Someone brought up the old motorcycle gang formula. The second book in his Apocalypse Law series does have motorcycles in it (maybe six) but the riders are not members of any motorcycle gang. It's a gang of raiders who go from town to town taking supplies from others, and they have gathered up trucks and pickups to haul the loot off with and a few motorcycles are used for scouting ahead of their caravan. Most of the population is dead, so there are plenty of trucks and motorcycles for the taking, but gas is getting old and running out. Diesel stores longer, but is running out too.

I have read all of his books and will read anything else he offers in the future.


Offline gloomygus

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Re: Worst survivalist/prepper books?
« Reply #33 on: November 09, 2012, 10:28:22 AM »
I totally despised Dies The Fire.  Hated it with a passion.  Got about a quarter of the way into it and gave up.  Terrible!

Offline minrlwtr

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Re: Worst survivalist/prepper books?
« Reply #34 on: December 10, 2012, 05:04:31 PM »
Some of the "worst":

- "Patriots".  Yeah, it has some good info, but the writing is terrible.  It's like reading the speeches in Ayn Rand: nobody talks like that.

- "Prepper's Road March": The Mormon jargon threw me off right away.  I found it to be unreadable.

- "Lucifer's Hammer": lots of absolute balderdash.  Seriously, a commune?  I like Niven and the Chaos Manor dude as much as the next guy, but there are 20 prepper/post-apoc books better than "Hammer."

- "Deep Winter / Shatter / Remnant / Distance": it pains me to add these books to this list.  But I must.  Things just "fall into place" too easily for Rick Drummund, the main character, and those around him.  Yes, I still love the story, but great prepper fiction it ain't.  "Lights Out," "77 Days in September," "Castigo Cay", and "Renewal" are WAY better.


What Morman Jargon? I really like Preppers Road March and all the rest of the trilogy. There no religon in them whats so ever

Offline blademan

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Re: Worst survivalist/prepper books?
« Reply #35 on: December 10, 2012, 06:37:20 PM »
I've only read three "prepper" books. Rawles' two and I'm about to read the third.
And one second after.
   Its pretty ironic that the title of one second after describes perfectly the ammount of time it took me to want to stop reading the book. About one second after starting.
     The first few chapters had me wanting to curl up in a hoodie footie in front of a quietly humming space heater with a cup of earl gay tea.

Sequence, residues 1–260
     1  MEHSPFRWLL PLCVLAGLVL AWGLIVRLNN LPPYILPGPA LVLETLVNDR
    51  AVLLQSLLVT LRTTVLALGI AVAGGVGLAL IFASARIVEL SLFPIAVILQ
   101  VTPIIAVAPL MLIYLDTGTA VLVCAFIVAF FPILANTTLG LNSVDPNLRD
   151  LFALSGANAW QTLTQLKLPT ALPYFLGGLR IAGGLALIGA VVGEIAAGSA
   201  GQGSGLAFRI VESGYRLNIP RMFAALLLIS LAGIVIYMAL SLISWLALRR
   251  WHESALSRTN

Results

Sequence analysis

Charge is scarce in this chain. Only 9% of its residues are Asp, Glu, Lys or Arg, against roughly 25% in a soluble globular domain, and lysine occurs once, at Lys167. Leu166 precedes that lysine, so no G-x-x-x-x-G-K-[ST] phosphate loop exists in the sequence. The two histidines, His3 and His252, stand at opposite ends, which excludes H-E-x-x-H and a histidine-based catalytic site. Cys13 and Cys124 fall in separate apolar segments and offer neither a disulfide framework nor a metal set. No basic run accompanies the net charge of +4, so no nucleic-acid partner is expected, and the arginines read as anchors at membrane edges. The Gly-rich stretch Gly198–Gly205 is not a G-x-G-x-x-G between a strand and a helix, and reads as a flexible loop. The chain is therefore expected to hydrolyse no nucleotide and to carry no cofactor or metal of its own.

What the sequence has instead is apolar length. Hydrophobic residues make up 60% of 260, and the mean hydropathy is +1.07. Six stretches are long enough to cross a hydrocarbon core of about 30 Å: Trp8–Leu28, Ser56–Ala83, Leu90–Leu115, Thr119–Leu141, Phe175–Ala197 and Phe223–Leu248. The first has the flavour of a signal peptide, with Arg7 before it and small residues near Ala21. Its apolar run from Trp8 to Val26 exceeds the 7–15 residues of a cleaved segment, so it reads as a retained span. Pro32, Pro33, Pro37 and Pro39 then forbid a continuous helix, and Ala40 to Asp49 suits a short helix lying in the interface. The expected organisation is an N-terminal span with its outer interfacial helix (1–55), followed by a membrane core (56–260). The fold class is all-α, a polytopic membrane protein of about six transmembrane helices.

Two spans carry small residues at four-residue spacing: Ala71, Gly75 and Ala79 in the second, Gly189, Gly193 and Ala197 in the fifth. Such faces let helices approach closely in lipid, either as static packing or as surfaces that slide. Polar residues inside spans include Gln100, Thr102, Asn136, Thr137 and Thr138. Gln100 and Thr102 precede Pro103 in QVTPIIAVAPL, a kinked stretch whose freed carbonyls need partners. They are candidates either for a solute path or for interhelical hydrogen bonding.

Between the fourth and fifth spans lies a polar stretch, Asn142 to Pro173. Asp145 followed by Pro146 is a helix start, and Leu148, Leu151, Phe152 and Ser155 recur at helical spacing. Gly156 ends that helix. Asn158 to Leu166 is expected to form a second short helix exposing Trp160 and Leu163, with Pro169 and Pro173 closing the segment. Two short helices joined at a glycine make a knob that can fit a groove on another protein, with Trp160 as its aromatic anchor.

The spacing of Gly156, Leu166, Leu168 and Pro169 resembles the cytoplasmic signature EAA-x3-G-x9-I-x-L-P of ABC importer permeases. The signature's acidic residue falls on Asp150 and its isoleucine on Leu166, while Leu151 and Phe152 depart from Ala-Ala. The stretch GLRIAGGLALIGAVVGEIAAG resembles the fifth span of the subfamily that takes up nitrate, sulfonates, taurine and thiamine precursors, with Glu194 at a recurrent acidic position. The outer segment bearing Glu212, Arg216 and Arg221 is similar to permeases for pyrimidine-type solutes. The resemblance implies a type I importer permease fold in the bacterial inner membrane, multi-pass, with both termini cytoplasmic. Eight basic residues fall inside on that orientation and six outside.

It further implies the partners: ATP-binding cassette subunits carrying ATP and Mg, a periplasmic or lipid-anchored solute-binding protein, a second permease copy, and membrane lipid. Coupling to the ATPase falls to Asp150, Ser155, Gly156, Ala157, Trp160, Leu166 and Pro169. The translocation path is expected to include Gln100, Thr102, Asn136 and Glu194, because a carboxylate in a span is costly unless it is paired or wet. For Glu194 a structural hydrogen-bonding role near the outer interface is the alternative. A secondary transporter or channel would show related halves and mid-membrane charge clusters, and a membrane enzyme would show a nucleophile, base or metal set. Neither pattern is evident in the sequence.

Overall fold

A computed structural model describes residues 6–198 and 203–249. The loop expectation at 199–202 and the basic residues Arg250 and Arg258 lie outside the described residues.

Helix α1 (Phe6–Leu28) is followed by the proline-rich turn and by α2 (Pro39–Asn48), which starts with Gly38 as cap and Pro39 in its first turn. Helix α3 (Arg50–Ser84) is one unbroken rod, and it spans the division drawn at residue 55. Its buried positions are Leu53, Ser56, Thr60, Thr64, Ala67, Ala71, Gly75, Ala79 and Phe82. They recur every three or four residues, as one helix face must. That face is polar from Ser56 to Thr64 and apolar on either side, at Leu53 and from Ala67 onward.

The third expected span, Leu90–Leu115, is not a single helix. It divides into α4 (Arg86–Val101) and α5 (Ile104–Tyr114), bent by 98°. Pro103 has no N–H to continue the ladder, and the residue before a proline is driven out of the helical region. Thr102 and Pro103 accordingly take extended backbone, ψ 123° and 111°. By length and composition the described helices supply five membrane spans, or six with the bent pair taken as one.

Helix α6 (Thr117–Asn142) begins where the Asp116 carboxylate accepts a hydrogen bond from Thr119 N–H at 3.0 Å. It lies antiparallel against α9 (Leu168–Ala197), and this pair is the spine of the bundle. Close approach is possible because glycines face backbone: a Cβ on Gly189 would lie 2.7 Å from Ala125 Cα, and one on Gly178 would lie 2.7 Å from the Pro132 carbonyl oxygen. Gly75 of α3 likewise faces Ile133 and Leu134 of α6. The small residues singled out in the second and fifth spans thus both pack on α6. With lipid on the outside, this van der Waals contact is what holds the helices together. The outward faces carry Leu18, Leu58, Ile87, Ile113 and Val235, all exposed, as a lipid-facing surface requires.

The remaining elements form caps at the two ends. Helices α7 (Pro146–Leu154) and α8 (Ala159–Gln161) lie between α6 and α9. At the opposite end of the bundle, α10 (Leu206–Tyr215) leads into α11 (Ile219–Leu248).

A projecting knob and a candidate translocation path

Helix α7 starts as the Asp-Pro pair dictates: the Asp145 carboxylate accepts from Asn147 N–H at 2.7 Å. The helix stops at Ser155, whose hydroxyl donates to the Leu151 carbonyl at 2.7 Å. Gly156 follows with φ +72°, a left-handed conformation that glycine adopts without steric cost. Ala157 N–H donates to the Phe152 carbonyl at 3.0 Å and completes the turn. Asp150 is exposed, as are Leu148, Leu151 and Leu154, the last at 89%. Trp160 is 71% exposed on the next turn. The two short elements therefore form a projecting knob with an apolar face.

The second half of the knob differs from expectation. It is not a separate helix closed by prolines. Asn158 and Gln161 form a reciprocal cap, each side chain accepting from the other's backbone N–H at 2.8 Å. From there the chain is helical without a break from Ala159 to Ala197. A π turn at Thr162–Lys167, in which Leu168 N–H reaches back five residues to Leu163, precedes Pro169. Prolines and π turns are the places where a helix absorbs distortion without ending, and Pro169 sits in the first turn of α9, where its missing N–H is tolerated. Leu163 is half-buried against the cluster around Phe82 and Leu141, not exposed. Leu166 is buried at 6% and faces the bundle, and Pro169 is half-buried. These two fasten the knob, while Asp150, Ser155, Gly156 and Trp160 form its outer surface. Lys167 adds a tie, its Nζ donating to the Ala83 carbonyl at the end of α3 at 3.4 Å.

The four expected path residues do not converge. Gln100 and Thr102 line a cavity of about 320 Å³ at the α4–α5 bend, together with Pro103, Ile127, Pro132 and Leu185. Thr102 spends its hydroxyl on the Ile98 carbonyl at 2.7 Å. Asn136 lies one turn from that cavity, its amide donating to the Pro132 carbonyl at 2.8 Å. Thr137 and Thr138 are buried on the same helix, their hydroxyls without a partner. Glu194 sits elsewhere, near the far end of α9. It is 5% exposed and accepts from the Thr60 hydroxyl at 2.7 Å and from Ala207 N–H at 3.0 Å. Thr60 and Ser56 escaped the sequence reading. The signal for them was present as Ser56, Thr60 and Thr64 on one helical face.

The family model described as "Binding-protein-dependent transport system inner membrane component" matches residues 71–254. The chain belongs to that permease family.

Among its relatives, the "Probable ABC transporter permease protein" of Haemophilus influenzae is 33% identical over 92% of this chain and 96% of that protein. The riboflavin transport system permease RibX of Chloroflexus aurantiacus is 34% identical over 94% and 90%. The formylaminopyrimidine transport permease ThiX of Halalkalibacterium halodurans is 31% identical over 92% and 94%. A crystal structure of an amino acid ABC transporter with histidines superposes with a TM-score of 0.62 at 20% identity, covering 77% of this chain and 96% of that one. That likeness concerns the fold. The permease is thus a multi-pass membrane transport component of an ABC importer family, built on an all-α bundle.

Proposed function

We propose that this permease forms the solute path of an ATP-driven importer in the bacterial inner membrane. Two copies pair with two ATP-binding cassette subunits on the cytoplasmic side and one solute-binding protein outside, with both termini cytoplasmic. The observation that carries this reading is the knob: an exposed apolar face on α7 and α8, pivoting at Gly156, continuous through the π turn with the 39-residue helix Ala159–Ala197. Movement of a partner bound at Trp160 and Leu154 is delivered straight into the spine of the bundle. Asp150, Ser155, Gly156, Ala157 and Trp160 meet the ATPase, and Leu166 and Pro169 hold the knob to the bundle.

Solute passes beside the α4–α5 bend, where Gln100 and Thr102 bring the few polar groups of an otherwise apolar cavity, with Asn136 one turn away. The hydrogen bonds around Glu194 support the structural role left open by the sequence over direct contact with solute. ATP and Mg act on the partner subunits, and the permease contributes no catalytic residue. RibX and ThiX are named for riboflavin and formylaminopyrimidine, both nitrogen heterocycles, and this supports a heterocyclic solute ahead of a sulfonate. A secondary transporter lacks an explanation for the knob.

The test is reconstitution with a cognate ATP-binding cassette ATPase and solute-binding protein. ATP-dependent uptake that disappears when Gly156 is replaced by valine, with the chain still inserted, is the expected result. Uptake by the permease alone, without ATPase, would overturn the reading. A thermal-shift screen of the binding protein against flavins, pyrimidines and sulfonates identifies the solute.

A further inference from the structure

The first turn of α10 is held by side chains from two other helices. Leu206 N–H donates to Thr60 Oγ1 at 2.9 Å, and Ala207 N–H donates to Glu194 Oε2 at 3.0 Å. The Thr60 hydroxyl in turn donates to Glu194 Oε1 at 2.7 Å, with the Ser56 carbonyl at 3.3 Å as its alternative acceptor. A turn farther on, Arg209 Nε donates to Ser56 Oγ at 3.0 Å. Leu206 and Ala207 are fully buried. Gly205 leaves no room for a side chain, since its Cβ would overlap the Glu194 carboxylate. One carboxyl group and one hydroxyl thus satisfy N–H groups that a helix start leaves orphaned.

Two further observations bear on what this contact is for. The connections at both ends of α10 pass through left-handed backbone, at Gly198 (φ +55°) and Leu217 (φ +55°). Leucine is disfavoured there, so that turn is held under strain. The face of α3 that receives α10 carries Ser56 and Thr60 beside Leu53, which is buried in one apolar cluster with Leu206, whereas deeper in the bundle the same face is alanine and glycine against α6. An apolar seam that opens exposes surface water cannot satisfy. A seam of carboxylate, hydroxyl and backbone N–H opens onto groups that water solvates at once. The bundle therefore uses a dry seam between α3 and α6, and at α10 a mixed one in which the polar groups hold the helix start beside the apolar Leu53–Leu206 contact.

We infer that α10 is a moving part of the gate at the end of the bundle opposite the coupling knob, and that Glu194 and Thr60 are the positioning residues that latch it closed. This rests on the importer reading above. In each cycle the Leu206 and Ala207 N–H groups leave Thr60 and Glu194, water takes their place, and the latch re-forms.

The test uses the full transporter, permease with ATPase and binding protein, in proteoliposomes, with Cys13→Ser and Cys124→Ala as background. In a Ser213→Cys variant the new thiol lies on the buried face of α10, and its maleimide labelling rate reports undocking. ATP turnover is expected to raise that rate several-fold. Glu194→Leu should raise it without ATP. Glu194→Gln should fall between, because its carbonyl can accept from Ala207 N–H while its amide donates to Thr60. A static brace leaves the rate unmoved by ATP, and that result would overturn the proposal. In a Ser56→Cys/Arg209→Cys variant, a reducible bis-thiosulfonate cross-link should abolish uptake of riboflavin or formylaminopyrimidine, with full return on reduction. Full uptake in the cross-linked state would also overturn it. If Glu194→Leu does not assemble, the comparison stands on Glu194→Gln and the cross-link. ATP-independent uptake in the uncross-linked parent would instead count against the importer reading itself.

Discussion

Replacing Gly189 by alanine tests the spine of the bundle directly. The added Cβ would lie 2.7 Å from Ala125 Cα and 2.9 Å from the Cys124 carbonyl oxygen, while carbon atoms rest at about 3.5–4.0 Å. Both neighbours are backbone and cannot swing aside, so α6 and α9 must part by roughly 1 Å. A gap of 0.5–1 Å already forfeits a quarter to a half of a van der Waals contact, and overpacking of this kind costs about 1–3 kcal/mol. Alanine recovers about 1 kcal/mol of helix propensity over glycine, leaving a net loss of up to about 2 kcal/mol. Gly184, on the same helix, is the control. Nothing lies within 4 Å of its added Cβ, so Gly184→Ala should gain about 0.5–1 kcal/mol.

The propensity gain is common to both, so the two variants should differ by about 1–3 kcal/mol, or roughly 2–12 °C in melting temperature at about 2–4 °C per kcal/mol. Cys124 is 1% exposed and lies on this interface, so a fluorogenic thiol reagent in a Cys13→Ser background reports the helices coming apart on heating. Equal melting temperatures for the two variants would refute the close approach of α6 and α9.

This is the absloute worst telling of a good story I have come across in a long time.
   I litterally had to force myself to read it because a friend wanted to talk to me about it.
 The characters were too one dimensional, too black and white.
  There was some good group psychology in it though in how the decisions of the town got made and what kind of laws and regulations they passed as well as their relations with the nearby towns. However, some of the characters' decisions were just unrealistic.
    Like the main character's situation with his diabetic daughter.
 I think he would have actually become desperate enough to become actually dangerous and unstable in his quest to find insulin.
      The entire trial scene with the punks who robbed the nursing home and the looseness of their evidentiary process in convicting and sentencing the second guy. They ended someone's life based on subjective judgements and no actual evidence. Maybe the author's point was to show that things can go wrong and people aren't perfect, but he kinda failed there, it seemed more a cheer for small town justice with no recourse or procedure to it.
   Anyway, I don't want to hijack the thread, if I read something worse than OSA, I will post about it here.

Offline Chemsoldier

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Re: Worst survivalist/prepper books?
« Reply #36 on: December 10, 2012, 08:45:07 PM »
I've only read three "prepper" books. Rawles' two and I'm about to read the third.
And one second after.
   Its pretty ironic that the title of one second after describes perfectly the ammount of time it took me to want to stop reading the book. About one second after starting.
     The first few chapters had me wanting to curl up in a hoodie footie in front of a quietly humming space heater with a cup of earl gay tea.
    This is the absloute worst telling of a good story I have come across in a long time.
   I litterally had to force myself to read it because a friend wanted to talk to me about it.
 The characters were too one dimensional, too black and white.